Sunday, June 4, 2017

Divorce survivors and the Catholic Church: "When bitter memories freeze the tongue and songs of love are left unsung"

When burning embers in the darkness
Bring cold comfort to the heart
When bitter memories freeze the tongue 
And songs of love are left unsung

Hot Buttered Rum
Lyrics by Tommy Thompson (sung by Red Clay Ramblers) 

If you have any doubt about how fatuous the New York Times has become, then read Austin Ruse's essay in Crisis titled "The New York Times Loves a Good Love Story." Ruse began his story with this riveting paragraph:
A few years ago, the New York Times told the incredibly moving story of Robert Kennedy Jr. courting a woman who became his third wife but only after he divorced his second wife who later hung herself in the family barn after being harassed by Kennedy apparatchiks. None of this was included in the Times story.
More recently, the Times wrote another gushy story about Michael Ruhlman and Ann Hood, two accomplished writers, who crossed paths when they were younger and finally reunited and got married. However, the Times glossed over the fact that Ruhlman and Hood were both married and had children when they got emotionally evolved.

Ruse used these two New York Times stories as a springboard for his impassioned defense of marriage--marriage as the Catholic Church understands it. And I agree with everything Ruse said. Divorce is a psychological and spiritual disaster, and no divorced person who has children ever gets over it.

And as Ruse said, the harm divorce causes the children themselves is catastrophic and irreparable. "[N]o matter what the situation in the marriage, it is always best for the children for the parents to stay together." Indeed, Ruse writes, "[t]here is voluminous data that supports even the notion that it is better for a child to live in a broken home than to come from one."

But then I read Kate Hennessy's biography of Dorothy Day, titled The World Will Be Saved By Beauty. Kate Hennessy is the youngest daughter of Tamar Hennessy, Dorothy Day's only child; and Kate is Dorothy Day's youngest grandchild.

 The World Will Be Saved by Beauty is a beautifully written book. After reading only a few pages, I could see that Kate had inherited her grandmother's gift for writing.  As I turned the pages I began to see that the book is as much about Dorothy's daughter, Tamar, as it is about Dorothy.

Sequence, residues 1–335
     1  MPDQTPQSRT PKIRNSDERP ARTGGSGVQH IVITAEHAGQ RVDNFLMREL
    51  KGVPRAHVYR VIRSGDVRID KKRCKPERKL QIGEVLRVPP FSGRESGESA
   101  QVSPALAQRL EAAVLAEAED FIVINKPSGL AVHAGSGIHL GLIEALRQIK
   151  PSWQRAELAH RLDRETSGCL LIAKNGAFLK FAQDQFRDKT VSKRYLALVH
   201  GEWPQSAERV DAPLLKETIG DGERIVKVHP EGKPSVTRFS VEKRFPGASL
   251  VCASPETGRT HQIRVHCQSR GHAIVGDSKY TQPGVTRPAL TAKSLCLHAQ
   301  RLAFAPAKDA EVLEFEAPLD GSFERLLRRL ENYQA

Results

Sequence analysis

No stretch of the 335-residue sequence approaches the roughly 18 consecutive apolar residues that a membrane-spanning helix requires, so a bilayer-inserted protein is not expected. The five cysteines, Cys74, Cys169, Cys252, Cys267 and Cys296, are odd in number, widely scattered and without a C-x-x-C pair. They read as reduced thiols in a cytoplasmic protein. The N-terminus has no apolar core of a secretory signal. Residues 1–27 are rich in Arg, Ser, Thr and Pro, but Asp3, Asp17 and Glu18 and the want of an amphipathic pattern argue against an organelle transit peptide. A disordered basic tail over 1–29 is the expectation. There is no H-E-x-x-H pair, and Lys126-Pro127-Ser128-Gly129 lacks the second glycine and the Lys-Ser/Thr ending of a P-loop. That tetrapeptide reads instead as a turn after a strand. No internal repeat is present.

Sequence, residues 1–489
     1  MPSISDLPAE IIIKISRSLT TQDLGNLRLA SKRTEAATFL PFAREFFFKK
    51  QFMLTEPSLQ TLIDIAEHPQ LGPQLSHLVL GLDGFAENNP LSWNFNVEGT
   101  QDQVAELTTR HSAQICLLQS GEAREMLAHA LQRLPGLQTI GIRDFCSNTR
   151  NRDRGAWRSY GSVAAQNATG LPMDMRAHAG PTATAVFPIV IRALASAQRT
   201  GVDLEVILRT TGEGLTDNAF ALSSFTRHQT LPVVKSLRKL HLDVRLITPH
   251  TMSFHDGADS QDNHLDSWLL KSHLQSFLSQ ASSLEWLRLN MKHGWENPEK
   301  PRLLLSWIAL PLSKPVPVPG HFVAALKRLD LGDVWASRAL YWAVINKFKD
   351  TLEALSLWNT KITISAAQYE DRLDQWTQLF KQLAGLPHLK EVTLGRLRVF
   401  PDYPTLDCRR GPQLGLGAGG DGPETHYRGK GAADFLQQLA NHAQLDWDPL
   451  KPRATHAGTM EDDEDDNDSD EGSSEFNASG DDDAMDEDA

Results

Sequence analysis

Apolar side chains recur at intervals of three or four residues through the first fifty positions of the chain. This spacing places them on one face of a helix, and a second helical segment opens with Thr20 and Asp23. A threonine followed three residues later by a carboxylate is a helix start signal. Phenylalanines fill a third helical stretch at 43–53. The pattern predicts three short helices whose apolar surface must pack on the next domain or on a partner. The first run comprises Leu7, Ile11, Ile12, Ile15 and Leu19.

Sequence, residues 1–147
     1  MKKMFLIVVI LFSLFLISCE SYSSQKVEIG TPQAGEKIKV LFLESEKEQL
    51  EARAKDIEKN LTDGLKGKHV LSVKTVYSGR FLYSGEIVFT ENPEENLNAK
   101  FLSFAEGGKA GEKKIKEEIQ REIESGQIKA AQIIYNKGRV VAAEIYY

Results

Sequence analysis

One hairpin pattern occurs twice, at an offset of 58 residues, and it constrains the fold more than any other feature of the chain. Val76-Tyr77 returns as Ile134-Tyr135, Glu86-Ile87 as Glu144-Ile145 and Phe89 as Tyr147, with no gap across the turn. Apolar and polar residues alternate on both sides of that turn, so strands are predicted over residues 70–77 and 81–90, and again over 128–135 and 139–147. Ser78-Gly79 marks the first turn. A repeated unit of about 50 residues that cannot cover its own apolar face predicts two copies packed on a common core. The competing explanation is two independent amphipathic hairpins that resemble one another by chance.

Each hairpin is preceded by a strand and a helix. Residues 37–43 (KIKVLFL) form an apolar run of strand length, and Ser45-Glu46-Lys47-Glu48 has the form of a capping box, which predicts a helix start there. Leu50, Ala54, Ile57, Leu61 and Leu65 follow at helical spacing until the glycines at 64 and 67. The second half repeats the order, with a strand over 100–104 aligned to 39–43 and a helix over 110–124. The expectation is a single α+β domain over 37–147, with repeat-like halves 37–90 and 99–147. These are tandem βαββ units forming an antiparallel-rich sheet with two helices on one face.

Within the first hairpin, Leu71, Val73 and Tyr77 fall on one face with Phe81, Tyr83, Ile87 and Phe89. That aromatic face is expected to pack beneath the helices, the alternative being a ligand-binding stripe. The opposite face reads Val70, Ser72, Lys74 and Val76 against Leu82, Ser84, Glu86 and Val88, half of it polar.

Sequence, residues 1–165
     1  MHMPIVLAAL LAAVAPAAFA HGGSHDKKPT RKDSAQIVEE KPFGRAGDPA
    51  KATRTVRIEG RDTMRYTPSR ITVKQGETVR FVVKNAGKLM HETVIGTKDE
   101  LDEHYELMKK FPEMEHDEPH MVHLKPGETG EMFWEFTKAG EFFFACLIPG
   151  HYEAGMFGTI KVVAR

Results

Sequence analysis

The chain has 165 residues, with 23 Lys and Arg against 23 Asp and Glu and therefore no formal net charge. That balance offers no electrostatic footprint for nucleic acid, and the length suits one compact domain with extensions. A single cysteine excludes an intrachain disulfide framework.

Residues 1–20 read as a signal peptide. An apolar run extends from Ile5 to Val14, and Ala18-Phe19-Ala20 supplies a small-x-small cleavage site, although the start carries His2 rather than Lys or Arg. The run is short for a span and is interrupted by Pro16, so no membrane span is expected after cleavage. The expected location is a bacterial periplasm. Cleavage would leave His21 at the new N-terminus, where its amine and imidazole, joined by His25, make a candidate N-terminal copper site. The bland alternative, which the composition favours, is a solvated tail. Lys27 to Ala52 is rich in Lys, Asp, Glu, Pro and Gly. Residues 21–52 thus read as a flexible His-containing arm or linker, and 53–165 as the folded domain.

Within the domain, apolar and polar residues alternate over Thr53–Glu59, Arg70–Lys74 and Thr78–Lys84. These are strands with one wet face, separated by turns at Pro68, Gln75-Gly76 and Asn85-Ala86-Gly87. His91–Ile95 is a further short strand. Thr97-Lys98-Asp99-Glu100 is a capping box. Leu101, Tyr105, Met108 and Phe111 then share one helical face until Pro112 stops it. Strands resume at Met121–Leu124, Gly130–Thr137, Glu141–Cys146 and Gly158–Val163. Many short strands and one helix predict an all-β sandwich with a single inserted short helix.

As Kate Hennessy relates, Tamar was immersed from childhood in the Catholic Worker movement, which was started by Dorothy Day and Peter Maurin. Although Peter and Dorothy called for a radical Catholic response to social injustice, they were both orthodox Catholics--orthodox in every way.

When she was 15 years old, Tamar met David Hennessy at the Catholic Worker farm in Easton, Pennsylvania. David was 13 years older than Tamar, and Dorothy would not allow her daughter to marry until she was 18. David waited patiently, and the two were married in 1944.

David and Tamar Hennessy lived a Catholic marriage. They had 9 children together and one miscarriage. In fact, for 14 years, Tamar was either pregnant or nursing.

But David Hennessy was a deeply troubled man. Even before he met Tamar, he got into some kind of altercation with his best friend, who shot David's ear off with a .30-30 rifle.  Not long after the wedding, it became apparent that David drank too much; indeed he eventually became an alcoholic. He was quarrelsome and only intermittently employed. He stumbled from one minimum-skill job to another and was never able to adequately support his wife and nine children.

When David got older, his mental health deteriorated and he was institutionalized for a time. Tamar finally left him, although as good Catholics, Tamar and David never divorced.

David died at the age of 92 after having lived for a time with another woman who may have been a prostitute. After his death, Kate Hennessy discovered and read her father's diaries and came to the conclusion that he may have been a homosexual.

Some Catholic marriage!

I have a Catholic Catechism in my home. I haven't read it all, but I agree with the Church's stance on marriage, family life, and the dignity of human life in all stages.

But I came from a family that did not live by Catholic values. In fact, my parents suffered from severe mental health problems and were physically and psychologically abusive to their children.

I see friends--good and decent people--who are struggling with all kinds of serious life issues: divorce, drug addiction, alcoholism, unemployment, mental illness, alienation from their children, cancer, and even violence.

God help me, but I don't think the Catechism is very useful for dealing with the harsh realities of life in postmodern America. Jesus didn't operate from a catechism. Basically he just called on us to respond with love and kindness to the human suffering we see around us every day.

But a lot of scholars, theologians, priests, and bishops disagree with me. So what in the hell do I know?

Dorothy Day and daughter Tamar

Kate Hennessy. The World Will Be Saved By Beauty: An Intimate Portrait of My Grandmother. New York: Scribner, 2016.

Austin Ruse. The New York Times Loves a Good Love Story. Crisis Magazine, May 5, 2017.